I’m in the market to buy a new car. My shopping experience thus far has led me to be absolutely amazed by how much has changed in the automobile landscape in just a few years. The vehicle I’m replacing is only 6 years old, but in terms of technology and capability it already feels like an antique. One observation that stands out is the amazing pace of change in car safety. Automobile safety has gone from protection, to prevention, to prediction in what feels like a matter of years.
The emergence of automobile safety initiatives in the 1960s and 1970s was driven (no pun intended) by the research of people like Ralph Nader. This research and advocacy led to car manufacturers to make features such as seat belts standard in cars, which soon evolved into air bag technology and structural engineering to account for crumple zones. These innovations transformed vehicles which were once considered “unsafe at any speed” to vehicles that had built-in protective equipment and capabilities. Today, it’s estimated that seat belts save up to 15,000 lives per year in the United States alone.
As the next phase of safety emerged, cars began to leverage advances in technology to complement that initial protection with prevention technologies. These days it’s not just seat belts and airbags protecting drivers and passengers; as you walk a car showroom, you’d be hard-pressed to find even a basic model that lacks a traction control system or anti-lock brakes. These two technologies are designed to augment a driver’s skills by preventing the skids and wheel lock-up that can lead to accidents.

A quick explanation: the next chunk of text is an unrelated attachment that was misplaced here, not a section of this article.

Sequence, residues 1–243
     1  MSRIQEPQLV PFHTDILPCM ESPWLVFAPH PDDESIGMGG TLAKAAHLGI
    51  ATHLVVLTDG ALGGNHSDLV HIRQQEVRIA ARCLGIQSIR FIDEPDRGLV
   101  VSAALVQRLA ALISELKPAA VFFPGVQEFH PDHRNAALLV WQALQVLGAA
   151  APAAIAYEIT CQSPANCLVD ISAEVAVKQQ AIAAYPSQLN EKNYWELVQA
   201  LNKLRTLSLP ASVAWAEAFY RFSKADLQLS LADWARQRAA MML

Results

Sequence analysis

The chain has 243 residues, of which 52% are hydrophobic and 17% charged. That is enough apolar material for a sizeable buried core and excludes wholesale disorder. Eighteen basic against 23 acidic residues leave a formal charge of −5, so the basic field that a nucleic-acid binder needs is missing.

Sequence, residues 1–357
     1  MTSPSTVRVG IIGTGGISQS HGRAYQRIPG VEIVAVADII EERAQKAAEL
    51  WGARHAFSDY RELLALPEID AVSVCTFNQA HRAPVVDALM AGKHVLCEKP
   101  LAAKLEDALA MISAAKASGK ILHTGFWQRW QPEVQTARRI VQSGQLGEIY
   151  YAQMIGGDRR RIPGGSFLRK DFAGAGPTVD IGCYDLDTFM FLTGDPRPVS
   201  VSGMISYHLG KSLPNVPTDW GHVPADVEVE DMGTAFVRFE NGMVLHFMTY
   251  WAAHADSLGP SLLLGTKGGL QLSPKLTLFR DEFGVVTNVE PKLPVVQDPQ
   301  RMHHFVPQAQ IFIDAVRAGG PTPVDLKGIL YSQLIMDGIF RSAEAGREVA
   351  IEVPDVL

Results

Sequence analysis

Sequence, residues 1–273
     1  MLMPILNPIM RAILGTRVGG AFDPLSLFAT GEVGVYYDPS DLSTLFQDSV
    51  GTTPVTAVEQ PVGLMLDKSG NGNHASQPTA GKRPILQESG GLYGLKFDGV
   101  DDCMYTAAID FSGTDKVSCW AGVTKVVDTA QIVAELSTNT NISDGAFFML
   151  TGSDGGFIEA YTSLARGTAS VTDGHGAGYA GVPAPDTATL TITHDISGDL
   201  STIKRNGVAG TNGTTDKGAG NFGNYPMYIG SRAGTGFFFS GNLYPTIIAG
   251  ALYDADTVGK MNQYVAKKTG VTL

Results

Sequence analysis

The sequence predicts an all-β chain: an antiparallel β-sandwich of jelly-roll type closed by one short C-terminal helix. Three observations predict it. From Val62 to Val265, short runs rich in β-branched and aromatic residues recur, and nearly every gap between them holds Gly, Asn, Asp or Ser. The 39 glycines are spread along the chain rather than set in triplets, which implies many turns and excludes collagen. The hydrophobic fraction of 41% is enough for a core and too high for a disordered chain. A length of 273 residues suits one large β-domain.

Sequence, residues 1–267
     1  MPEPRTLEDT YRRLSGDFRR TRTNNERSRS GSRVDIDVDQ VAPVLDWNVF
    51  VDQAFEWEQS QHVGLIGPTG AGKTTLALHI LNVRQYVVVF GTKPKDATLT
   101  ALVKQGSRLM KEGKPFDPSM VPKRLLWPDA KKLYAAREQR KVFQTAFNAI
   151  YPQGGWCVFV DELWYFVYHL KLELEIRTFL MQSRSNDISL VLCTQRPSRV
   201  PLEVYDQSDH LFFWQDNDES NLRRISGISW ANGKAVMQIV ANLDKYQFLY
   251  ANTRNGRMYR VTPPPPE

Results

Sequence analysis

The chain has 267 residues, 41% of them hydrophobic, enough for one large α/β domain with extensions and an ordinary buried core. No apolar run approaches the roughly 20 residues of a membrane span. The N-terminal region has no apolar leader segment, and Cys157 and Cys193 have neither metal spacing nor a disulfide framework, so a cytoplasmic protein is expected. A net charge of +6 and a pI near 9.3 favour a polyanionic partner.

As the computing power underlying those preventative technologies has become cheaper and more powerful, car safety has again evolved from preventative to predictive capabilities. As I browse my local car showrooms, I’m struck by predictive safety features that augment my driving skill like lane departure systems, adaptive cruise control, and collision detection. Features like intelligent steering and braking assist go far beyond simple warning systems when a driver loses focus, helping the driver by predicting and avoiding hazards before they even occur.
The secret behind these features is the vast amount of data being collected on an ongoing basis in every modern vehicle. Today’s cars are as much moving computers as they are modes of transportation, and have systems and models crunching that data at an incredible rate in order to use it in real-time. As this evolution leads us to the promise of self-driving cars, it’s estimated that tomorrow’s cars will be creating over 1GB of data per second.
Tomorrow’s self-driving cars provide all of us consumers a glimpse of the potential impact big data can have on safety. But workplaces today are seeing a similar evolution in safety – from protection, to prevention, to prediction.
The first phase of workplace safety, much like the emergence of automobile safety, was focused on protection via the use of personal protective equipment (PPE). Birthed out of the increasingly dangerous workplaces of the Industrial Revolution, PPE such as hardhats, gloves, and steel toe boots allowed workers to engage in potentially dangerous jobs with a degree of physical protection.